Postgraduate taught 

Textile Conservation MPhil

Principles And Practice: Conservation Projects HISTART5051

  • Academic Session: 2019-20
  • School: School of Culture and Creative Arts
  • Credits: 20
  • Level: Level 5 (SCQF level 11)
  • Typically Offered: Semester 2
  • Available to Visiting Students: No
  • Available to Erasmus Students: No

Short Description

Principles and Practice: Conservation Projects gives students the opportunity to consolidate their knowledge and understanding of the approaches and techniques used in textile conservation and to refine their practical skills by working on one textile artefact. Students consolidate their skills in devising, carrying out and evaluating more complex conservation treatments; the management of the projects is a key element of the course and includes independent research to learn about the objects they are working on and to inform the conservation treatment.

Timetable

15 hours per week for 11 weeks, comprising supervised studio time (47 x 3 hours), seminars (12 hours), workshops (3 x 3 hours) and individual tutorials (3 x 1 hour).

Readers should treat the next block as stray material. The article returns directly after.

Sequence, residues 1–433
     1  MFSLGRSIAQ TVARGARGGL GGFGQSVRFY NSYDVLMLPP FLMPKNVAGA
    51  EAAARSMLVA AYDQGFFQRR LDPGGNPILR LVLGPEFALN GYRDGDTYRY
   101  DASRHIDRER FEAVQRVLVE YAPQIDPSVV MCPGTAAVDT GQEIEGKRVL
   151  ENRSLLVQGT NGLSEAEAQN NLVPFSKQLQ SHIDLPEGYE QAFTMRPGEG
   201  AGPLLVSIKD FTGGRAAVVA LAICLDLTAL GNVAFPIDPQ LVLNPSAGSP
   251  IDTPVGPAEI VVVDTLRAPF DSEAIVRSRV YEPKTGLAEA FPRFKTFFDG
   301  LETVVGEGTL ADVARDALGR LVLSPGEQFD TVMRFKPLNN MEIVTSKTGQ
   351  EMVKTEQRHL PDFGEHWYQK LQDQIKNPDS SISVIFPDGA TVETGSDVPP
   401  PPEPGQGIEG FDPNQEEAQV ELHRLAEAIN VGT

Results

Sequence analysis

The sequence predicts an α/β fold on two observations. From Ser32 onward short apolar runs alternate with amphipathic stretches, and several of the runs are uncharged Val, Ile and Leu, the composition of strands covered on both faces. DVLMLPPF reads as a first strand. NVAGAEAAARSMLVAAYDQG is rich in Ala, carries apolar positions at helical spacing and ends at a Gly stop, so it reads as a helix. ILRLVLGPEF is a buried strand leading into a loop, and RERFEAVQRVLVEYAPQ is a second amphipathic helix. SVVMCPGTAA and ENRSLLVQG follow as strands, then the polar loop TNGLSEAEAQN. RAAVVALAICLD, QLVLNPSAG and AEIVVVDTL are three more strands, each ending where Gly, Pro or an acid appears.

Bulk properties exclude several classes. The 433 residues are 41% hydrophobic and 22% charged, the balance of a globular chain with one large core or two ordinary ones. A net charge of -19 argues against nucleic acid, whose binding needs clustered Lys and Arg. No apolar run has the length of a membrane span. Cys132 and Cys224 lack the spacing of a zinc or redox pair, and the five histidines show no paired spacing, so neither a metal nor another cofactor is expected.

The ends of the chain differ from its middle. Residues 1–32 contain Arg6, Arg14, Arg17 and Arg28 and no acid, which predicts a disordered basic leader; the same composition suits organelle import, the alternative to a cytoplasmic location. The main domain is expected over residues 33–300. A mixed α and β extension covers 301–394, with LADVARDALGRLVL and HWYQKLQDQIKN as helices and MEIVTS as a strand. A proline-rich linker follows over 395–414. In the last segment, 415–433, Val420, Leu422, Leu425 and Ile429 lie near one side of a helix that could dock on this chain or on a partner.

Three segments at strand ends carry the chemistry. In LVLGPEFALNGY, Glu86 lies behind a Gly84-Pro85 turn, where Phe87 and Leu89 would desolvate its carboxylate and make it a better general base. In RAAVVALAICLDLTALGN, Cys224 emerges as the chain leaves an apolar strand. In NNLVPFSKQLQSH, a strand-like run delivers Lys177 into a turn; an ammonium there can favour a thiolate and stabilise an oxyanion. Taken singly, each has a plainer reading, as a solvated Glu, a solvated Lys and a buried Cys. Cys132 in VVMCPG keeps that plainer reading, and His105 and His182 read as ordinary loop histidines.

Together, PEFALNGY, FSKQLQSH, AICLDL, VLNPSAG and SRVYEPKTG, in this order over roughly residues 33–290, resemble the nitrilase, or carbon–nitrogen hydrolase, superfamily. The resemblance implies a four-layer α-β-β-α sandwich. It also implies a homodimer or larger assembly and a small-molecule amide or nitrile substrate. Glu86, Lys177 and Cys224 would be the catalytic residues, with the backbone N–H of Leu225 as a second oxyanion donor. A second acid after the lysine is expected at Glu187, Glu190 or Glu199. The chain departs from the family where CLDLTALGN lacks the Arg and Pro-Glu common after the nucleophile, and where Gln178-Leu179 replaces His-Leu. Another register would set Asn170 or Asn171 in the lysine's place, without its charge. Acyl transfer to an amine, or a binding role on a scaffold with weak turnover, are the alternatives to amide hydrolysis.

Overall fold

Requirements of Entry

Standard entry to Masters at College level

Excluded Courses

None

Co-requisites

None

Assessment

Assessment comprises two elements:

a) Practical treatment 50% (continuous assessment)

b) Conservation Report 50% (3,500 words)

  

Course Aims

This course aims to:

■ Provide the student with the opportunity to implement varied and complex interventive treatments to further develop and refine practical skills.

■ Enable the student to synthesise observation, research, analysis and an understanding of cultural and ethical context to formulate appropriate treatment strategies.

■ Embed professional skills appropriate for an emerging conservation practitioner.

■ Consolidate profession communication skills to enable the student to confidently articulate, verbally and in writing.

Intended Learning Outcomes of Course

By the end of this course students will be able to:

■ Employ high quality practical skills to carry out complex object treatments with independence.

■ Formulate well-argued conservation reports that meet client and object needs using advanced observation and reasoning, as well as research.

■ Effectively apply critical reflection and problem-solving to practice as part of continuing professional development.

■ Organise and manage practical projects effectively within agreed timeframes.

■ Employ advanced professional skills particularly in relation to health and safety protocols, appropriate object handling and team working.

■ Communicate professionally, verbally and in writing, at a level appropriate for a conservator entering the profession.

Minimum Requirement for Award of Credits

Students must submit at least 75% by weight of the components (including examinations) of the course's summative assessment.